I have been pondering this question for the last few days because my fifteenth cookbook, WHOLE GRAINS FOR BUSY PEOPLE, is being released by Amazon.com today.
I received an advance copy of the book from my editor on December 8 and ceremoniously wrote Author’s Copy and the date on the title page. This was the first time I held the real book in my hands and yet, 3 months ago I’d received six copies of bound galleys. These looked and felt a lot like the real thing, but were just uncorrected proofs pretending to be books.
Two weeks ago, I received a box holding the complementary copies promised by my book contract. These came directly from the warehouse. Now I had a stack of books to give away to friends over the holidays, but no one could order the book or find it in a bookstore.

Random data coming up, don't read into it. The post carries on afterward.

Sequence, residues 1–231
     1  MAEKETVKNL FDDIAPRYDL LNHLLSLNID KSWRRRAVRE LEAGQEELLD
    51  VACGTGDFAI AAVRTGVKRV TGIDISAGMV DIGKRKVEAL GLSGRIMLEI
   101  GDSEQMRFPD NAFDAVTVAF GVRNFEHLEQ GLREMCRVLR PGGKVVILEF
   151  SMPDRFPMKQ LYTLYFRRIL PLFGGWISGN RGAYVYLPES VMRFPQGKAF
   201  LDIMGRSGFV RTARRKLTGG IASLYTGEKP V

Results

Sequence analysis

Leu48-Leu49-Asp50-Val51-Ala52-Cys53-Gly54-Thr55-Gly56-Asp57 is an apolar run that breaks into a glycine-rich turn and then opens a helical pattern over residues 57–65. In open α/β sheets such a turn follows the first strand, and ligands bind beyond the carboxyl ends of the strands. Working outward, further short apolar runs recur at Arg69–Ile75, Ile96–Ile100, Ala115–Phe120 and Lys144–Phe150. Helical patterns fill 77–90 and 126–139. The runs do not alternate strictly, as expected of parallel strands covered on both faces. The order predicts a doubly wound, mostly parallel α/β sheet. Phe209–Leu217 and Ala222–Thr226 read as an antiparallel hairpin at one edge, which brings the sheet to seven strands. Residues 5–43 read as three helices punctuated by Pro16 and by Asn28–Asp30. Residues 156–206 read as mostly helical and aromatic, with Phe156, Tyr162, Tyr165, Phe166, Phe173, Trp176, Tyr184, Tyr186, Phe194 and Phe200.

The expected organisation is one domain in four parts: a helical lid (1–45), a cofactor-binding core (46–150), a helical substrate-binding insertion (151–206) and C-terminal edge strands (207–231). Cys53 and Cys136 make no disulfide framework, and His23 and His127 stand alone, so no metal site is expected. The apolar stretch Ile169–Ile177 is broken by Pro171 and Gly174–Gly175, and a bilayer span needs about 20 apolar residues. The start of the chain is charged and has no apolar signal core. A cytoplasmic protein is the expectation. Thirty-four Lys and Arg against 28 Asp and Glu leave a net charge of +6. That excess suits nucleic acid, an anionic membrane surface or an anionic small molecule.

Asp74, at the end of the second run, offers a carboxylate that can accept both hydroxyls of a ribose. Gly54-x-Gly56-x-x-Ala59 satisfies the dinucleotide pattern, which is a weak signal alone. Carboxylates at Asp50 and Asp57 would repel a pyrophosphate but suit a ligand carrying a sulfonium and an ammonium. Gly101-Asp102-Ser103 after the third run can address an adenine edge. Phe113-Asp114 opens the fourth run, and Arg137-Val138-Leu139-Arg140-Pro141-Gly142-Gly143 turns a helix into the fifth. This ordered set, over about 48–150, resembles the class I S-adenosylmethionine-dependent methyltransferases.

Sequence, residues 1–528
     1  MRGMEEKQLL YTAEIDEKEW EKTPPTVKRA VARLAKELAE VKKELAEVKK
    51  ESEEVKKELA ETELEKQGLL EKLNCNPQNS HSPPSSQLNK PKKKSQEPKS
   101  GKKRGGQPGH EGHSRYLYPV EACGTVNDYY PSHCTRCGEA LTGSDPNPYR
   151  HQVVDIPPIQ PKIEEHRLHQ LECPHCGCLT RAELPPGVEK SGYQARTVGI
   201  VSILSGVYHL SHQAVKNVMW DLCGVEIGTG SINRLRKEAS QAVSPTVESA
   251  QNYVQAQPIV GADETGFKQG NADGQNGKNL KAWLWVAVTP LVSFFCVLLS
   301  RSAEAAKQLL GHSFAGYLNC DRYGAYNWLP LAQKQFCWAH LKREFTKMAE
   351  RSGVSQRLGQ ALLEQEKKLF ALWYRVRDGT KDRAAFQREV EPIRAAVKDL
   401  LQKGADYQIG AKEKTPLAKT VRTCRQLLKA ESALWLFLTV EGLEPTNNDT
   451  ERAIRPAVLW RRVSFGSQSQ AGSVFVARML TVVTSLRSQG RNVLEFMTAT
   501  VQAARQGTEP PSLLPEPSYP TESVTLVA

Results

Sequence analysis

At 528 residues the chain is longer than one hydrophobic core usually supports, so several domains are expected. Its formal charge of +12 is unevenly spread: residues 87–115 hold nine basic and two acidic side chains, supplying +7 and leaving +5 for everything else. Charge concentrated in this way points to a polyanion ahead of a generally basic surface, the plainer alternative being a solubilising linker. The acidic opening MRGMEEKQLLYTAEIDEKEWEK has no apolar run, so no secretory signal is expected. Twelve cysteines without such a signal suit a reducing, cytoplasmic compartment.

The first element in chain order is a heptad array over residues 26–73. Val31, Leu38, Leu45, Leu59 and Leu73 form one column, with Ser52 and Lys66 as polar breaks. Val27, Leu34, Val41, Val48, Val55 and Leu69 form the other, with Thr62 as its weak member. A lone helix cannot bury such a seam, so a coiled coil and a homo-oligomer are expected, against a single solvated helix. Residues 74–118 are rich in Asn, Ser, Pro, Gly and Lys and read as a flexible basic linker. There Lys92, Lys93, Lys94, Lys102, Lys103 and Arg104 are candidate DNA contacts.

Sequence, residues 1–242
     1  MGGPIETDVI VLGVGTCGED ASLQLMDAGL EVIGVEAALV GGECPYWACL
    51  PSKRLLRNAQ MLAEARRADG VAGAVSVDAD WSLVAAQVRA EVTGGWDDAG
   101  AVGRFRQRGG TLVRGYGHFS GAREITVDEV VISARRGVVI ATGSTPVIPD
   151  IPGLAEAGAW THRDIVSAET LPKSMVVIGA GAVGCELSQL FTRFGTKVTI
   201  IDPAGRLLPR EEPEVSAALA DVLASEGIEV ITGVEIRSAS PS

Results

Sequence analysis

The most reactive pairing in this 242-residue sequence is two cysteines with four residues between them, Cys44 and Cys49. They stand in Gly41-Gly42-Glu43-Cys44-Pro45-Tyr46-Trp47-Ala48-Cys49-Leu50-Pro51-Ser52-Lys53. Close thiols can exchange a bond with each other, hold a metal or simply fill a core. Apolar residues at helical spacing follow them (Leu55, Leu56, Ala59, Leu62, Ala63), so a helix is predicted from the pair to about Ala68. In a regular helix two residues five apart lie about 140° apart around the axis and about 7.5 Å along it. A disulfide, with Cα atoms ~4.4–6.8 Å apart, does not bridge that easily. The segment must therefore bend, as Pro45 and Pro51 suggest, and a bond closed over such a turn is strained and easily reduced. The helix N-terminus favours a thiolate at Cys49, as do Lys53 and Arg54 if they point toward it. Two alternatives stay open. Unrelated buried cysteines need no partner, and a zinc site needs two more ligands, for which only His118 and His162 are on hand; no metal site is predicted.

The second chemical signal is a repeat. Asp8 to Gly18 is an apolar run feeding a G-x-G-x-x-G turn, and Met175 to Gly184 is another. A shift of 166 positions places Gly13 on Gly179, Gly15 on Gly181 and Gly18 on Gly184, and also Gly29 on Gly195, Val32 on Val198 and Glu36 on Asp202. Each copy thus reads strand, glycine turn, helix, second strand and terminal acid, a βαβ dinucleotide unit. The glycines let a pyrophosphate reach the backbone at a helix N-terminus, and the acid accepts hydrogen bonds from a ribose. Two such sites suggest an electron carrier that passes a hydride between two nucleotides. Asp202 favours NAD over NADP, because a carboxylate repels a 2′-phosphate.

The official publication date of the book is January 7–the date that’s marked on the shipping cartons, the date that bookstores are supposed to display the book on their shelves.
I think it’s fair to conclude from the chronology above that a book doesn’t have a birthday. Would you agree? What I deduce from this conclusion is that it’s up to me to mark the special moments in my life. Otherwise they easily pass unnoticed.
I almost didn’t attend the graduation ceremony for my PhD. It felt silly to don a long black gown and dopey hat, then march down an aisle to solemn music. But after going through that age-old ritual, I realized that such ceremonies put special moments in boldface, placing markers on the otherwise seamless flow of time.
So, happy birthday to you, WHOLE GRAINS FOR BUSY PEOPLE. Or, as Geoffrey Chaucer said some six hundred years ago: “Go forth little book…”